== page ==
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How To Travel To The Autonomous Republic Of Nakhchivan Azerbaijan
Written By Joan Torres From Against The Compass
Before traveling to Nakhchivan, I heard rumors that the Nakhchivan people were hostile to foreigners.
My obvious conclusion was that the Autonomous Republic of Nakhchivan has been in complete isolation for many years, so this hostility was merely a product of their misery and little exposure to the outside world, as they wouldn’t understand why a wealthy foreigner would even bother to come to their land.
Still, the idea of visiting such an isolated, off-the-beaten-track region, which belonged to an already off-the-beaten-track country, sounded quite appealing to me, so I didn’t need to think twice before booking a round-trip flight ticket from Baku.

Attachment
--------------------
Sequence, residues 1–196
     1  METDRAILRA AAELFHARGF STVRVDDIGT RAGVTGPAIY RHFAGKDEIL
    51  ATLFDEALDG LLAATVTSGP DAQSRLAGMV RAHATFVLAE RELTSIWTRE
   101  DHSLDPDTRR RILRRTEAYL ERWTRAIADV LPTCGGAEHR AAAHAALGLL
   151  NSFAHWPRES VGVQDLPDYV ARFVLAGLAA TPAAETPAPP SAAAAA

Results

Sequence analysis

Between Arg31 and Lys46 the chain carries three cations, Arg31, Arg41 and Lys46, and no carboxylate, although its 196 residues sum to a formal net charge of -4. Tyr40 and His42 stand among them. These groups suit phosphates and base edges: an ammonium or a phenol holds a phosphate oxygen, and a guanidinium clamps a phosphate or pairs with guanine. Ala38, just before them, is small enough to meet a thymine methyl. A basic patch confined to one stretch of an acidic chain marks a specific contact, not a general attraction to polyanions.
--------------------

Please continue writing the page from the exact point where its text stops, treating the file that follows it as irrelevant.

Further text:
While in the plane, I imagined that I would be landing in an extremely undeveloped part of Azerbaijan, in one of those dusty, chaotic capitals, a Karachi-like-city, and the fact that we were flying over a desert just a couple of minutes before landing, didn’t really help to increase my expectations.
However, you will be surprised to know that, as soon as I stepped out of the plane and took a marshrutka to the center of Nakhchivan City, my eyeballs were suddenly blessed by a city composed of some very modern, wide avenues, neo-classic buildings, and smiley people.
This guide contains everything you need to know to travel to the Autonomous Republic of Nakhchivan, including things to do, practical information, and, of course, its historical context.
Below you will find:
- Introduction to Nakhchivan
- How to get to Nakhchivan
- Transportation around Nakhchivan
- Where to stay in Nakhchivan
- Nakhchivan – 4-day itinerary
Introduction To Nakhchivan
The Autonomous Republic of Nakhchivan is, in effect, an exclave of Azerbaijan, which means that it is a piece of territory that is geographically separated from Azerbaijan, nestled between Armenia, Turkey, and Iran.